Detection of cell-free microbial DNA using a contaminant-controlled analysis framework
Details
Publication Year 2021-06-23, Volume 22, Issue #1, Page 187
Journal Title
Genome Biology
Abstract
BACKGROUND: The human microbiome plays an important role in cancer. Accumulating evidence indicates that commensal microbiome-derived DNA may be represented in minute quantities in the cell-free DNA of human blood and could possibly be harnessed as a new cancer biomarker. However, there has been limited use of rigorous experimental controls to account for contamination, which invariably affects low-biomass microbiome studies. RESULTS: We apply a combination of 16S-rRNA-gene sequencing and droplet digital PCR to determine if the specific detection of cell-free microbial DNA (cfmDNA) is possible in metastatic melanoma patients. Compared to matched stool and saliva samples, the absolute concentration of cfmDNA is low but significantly above the levels detected from negative controls. The microbial community of plasma is strongly influenced by laboratory and reagent contaminants introduced during the DNA extraction and sequencing processes. Through the application of an in silico decontamination strategy including the filtering of amplicon sequence variants (ASVs) with batch dependent abundances and those with a higher prevalence in negative controls, we identify known gut commensal bacteria, such as Faecalibacterium, Bacteroides and Ruminococcus, and also other uncharacterised ASVs. We analyse additional plasma samples, highlighting the potential of this framework to identify differences in cfmDNA between healthy and cancer patients. CONCLUSIONS: Together, these observations indicate that plasma can harbour a low yet detectable level of cfmDNA. The results highlight the importance of accounting for contamination and provide an analytical decontamination framework to allow the accurate detection of cfmDNA for future biomarker studies in cancer and other diseases.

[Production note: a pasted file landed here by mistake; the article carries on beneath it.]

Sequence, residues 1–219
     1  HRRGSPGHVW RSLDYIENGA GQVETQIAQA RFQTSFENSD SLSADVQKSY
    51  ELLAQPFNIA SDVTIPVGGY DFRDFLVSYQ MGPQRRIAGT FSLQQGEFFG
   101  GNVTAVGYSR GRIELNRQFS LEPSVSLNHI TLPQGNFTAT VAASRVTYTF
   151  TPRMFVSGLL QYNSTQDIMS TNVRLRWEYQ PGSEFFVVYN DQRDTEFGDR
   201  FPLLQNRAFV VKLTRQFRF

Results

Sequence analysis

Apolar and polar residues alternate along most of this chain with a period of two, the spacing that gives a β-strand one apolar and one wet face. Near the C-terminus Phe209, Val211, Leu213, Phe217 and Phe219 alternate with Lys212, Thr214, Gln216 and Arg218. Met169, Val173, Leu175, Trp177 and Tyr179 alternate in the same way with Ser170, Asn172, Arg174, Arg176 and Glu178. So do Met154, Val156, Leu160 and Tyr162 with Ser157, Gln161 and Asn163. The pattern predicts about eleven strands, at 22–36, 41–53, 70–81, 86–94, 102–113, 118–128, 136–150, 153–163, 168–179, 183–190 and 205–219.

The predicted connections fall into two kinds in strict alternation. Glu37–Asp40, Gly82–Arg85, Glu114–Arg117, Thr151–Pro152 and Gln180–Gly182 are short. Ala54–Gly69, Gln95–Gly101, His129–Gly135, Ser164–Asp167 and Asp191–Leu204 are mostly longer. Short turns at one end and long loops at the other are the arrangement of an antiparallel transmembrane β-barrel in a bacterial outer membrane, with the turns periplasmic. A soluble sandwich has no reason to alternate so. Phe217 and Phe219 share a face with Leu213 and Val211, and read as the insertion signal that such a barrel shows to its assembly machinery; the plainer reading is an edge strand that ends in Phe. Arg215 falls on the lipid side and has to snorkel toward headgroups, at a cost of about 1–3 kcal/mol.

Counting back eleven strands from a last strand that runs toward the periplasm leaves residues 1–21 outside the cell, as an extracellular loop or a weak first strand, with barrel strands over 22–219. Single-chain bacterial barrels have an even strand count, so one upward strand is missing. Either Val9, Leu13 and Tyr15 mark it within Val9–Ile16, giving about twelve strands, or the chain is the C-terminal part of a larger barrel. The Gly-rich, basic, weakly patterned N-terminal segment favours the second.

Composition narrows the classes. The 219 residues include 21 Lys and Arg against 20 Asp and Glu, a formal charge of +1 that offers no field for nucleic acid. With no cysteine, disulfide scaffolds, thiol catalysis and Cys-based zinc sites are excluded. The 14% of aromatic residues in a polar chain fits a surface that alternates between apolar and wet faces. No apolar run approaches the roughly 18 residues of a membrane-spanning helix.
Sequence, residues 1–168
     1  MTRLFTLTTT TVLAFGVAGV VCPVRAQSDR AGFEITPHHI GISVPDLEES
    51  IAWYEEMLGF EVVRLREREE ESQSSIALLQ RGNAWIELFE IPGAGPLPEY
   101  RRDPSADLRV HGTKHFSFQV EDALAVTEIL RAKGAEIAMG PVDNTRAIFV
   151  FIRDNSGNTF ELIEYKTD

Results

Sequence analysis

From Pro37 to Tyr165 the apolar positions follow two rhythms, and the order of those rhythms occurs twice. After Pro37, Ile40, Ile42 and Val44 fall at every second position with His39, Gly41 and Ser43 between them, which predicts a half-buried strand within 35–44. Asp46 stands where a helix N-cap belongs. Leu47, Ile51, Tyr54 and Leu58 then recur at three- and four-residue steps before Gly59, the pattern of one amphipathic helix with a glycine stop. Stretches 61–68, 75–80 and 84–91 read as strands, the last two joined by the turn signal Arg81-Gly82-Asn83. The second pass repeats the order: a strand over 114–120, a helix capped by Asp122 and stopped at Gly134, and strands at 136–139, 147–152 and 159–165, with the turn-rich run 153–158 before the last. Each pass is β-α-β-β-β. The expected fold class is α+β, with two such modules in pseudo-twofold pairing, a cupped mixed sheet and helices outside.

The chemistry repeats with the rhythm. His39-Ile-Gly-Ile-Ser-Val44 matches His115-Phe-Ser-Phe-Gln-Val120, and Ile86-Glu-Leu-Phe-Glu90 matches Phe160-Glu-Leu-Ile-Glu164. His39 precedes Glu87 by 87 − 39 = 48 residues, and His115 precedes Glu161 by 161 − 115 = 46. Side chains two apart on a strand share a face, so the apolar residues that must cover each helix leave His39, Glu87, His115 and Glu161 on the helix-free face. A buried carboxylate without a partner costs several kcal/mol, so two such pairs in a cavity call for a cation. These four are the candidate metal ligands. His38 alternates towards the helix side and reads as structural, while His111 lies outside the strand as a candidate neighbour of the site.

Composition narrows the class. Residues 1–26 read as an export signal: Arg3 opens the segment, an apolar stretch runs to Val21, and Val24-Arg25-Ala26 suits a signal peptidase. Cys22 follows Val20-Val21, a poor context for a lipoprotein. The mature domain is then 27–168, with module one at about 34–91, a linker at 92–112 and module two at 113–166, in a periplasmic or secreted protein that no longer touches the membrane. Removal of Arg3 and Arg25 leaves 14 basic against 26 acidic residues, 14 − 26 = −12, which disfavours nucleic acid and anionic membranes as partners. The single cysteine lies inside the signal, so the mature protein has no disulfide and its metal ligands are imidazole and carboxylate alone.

Publisher
BMC
Keywords
16S rRNA gene; Cancer; Cell-free microbial DNA; Contamination; Microbiome
WEHI Research Division(s)
Bioinformatics
PubMed ID
34162397
Open Access at Publisher's Site
https://doi.org/10.1186/s13059-021-02401-3
Rights Notice
Refer to copyright notice on published article.


Creation Date: 2021-06-30 12:00:58
Last Modified: 2021-07-20 03:04:35
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